In the run up to the World Cup, most of the focus had been on the “unsettled” No 4 batsman. Even as K L Rahul seemingly solved the issue with a sparkling century against Bangladesh in the warm-up match at Cardiff, the Indian openers’ struggles have gone almost unnoticed.
While the situation isn’t alarming insofar as the form of Rohit Sharma and Shikhar Dhawan is concerned, their poor patch in the IPL and in the two warm-up matches is a cause of some concern. As India take on South Africa in their opener on Wednesday, a good five days into the event, they would have liked their openers to be amongst runs especially given the unpredictability of the conditions.
Like a typical English summer, Southampton has been alternating between blazing sun and biting cold interspersed with sharp showers and this weather pattern will have a big say in the playing conditions as well. While South Africa have endured a poor start to the tournament losing both their matches, their pace attack can still inflict major damage on the famed Indian batting if conditions favour them.
No doubt, Rohit and Dhawan have been two of India’s finest performers in ODIs in the last two-three years. Barring an irrepressible Virat Kohli, no Indian batsman has come close to their feats. With a great understanding of each other and an ability to quickly size up playing conditions, the two have managed to stack up big partnerships that have laid the foundation to many an Indian victory.
While they take great pride in their individual achievements, neither of them is greedy to steal the spotlight from the other. And that’s been the secret of their successful union. The duo has reeled off 15 hundred-run stands and 13 fifties and are the second best (4541 runs in 101 innings) from India behind Sachin Tendulkar and Sourav Ganguly who are at the top of the tree for most runs by openers (6609 in 136 innings) in the world.
They are unstoppable in conditions that bear resemblance to those prevalent in the sub-continent but if the ball jags around a bit, either in the air or off the pitch, then they struggle a bit. Not for the first time in their otherwise distinguished careers, their well-founded frailties against the moving ball were exposed thoroughly in the first warm-up match versus New Zealand. And that should keep the Indian team management on their toes.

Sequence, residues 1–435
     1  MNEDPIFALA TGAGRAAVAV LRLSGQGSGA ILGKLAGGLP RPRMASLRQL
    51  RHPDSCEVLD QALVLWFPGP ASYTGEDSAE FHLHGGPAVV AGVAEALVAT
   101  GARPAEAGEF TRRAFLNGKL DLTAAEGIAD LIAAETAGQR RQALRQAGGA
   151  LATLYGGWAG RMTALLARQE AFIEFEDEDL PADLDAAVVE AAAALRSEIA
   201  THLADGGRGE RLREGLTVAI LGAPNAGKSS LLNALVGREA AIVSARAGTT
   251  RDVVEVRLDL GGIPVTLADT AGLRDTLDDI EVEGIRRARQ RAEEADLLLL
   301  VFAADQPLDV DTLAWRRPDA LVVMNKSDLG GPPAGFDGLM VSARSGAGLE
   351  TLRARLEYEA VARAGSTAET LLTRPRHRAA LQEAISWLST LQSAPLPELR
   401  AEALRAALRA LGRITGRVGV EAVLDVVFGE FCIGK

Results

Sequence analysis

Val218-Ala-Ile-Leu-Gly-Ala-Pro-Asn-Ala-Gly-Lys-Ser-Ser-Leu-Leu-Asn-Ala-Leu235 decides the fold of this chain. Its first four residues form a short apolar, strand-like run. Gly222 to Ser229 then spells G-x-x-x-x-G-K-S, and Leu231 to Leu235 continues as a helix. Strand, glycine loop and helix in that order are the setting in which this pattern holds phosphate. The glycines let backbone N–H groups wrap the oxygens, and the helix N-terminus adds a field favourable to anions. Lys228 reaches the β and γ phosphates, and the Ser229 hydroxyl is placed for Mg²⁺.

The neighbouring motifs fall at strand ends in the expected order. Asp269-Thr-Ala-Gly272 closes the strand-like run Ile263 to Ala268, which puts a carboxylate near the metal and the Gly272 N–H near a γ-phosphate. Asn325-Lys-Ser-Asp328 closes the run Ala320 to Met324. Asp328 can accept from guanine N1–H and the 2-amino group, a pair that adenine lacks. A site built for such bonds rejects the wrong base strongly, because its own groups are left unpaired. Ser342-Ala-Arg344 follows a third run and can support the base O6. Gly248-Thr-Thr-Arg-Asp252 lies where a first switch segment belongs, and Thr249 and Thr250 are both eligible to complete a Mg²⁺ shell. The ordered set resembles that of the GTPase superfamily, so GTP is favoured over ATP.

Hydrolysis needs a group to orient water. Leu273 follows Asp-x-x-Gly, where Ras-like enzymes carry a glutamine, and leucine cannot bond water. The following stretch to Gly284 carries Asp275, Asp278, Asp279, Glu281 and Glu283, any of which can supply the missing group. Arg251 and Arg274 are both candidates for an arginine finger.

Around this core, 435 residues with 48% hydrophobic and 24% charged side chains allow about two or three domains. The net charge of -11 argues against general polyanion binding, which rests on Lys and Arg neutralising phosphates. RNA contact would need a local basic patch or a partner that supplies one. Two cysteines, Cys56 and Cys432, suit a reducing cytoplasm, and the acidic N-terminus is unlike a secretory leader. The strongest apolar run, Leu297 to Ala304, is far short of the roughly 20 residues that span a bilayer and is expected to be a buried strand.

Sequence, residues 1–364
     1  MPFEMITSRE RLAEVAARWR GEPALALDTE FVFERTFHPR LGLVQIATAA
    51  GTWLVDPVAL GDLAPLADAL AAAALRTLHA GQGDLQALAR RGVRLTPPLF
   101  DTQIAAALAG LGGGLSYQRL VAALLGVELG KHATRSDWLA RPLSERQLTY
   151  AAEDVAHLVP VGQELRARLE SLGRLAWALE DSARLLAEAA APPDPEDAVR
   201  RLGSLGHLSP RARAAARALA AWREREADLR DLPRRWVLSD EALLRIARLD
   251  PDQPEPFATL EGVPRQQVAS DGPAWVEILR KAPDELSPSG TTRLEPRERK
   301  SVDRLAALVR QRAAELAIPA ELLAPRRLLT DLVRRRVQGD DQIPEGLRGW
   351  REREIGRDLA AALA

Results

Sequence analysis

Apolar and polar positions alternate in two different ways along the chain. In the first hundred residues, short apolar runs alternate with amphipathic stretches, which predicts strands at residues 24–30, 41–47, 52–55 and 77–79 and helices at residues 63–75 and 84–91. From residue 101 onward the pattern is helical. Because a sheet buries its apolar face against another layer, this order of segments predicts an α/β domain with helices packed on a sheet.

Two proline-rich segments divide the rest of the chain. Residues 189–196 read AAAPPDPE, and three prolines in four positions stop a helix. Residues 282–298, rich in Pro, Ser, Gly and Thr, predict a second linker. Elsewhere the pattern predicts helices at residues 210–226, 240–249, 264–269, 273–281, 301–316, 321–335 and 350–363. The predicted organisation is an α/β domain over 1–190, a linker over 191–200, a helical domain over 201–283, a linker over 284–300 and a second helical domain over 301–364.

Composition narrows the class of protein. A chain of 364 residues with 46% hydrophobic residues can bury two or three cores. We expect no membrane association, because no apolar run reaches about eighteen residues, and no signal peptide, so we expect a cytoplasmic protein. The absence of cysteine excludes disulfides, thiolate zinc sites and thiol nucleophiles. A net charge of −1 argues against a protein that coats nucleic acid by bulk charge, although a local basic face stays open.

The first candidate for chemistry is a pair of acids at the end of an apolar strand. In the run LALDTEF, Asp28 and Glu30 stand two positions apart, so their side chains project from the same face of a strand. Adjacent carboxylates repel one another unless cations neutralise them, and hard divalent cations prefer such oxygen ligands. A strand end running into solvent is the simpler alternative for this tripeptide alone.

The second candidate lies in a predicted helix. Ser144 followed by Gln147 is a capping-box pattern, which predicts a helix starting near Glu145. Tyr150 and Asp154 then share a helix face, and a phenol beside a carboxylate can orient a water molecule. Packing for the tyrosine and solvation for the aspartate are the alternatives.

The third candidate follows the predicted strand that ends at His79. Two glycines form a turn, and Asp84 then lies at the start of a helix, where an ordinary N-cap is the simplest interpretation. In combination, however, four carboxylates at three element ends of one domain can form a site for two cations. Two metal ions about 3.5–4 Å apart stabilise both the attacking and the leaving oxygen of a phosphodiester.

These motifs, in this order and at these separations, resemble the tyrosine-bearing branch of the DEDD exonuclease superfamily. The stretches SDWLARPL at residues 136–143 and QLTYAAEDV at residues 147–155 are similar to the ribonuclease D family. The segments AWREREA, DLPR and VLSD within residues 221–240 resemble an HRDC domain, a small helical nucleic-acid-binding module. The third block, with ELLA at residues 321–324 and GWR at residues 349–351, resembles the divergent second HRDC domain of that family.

Both Rohit and Dhawan would have been relieved to see the pitch that appeared shorn of much grass two days before the match here at the Rose Bowl but in England, overhead surroundings play as much a crucial role as underfoot conditions. Kohli, before leaving for England, alluded to this fact.
“Our mantra will be to be flexible according to the conditions,” the Indian skipper had emphasised. “Because (England) it is one country where pitches might be flat but if the overhead conditions change then you got to be up to it. Any other country, the overhead conditions don’t matter that much but in England they do, and it differs from venue to venue. In London, it might not make much of a difference but if you go up north, then it does get overcast then you will see things happening, so you have to be ready for that and be prepared to be flexible,” he reasoned.
Falling in the southern coast, Southampton experiences milder weather comparatively, but Rohit and Dhawan’s prolonged lull stretching from IPL has put the focus back on them. While Dhawan enjoyed an overall good season with Delhi Capitals, he fizzled out towards the end and his last six innings, including the two in warm-ups, are a discouraging 19, 16, 17, 18, 2, 1. Rohit too doesn’t inspire much confidence with scores of 4, 55*, 4, 15, 2, 19 in his last six innings.
That said, Rohit and Dhawan have the skill sets, experience and game sense to succeed in hostile conditions and for that, as Kohli stresses, they should be willing to be flexible -- swallow their ego, bide their time and go for the kill.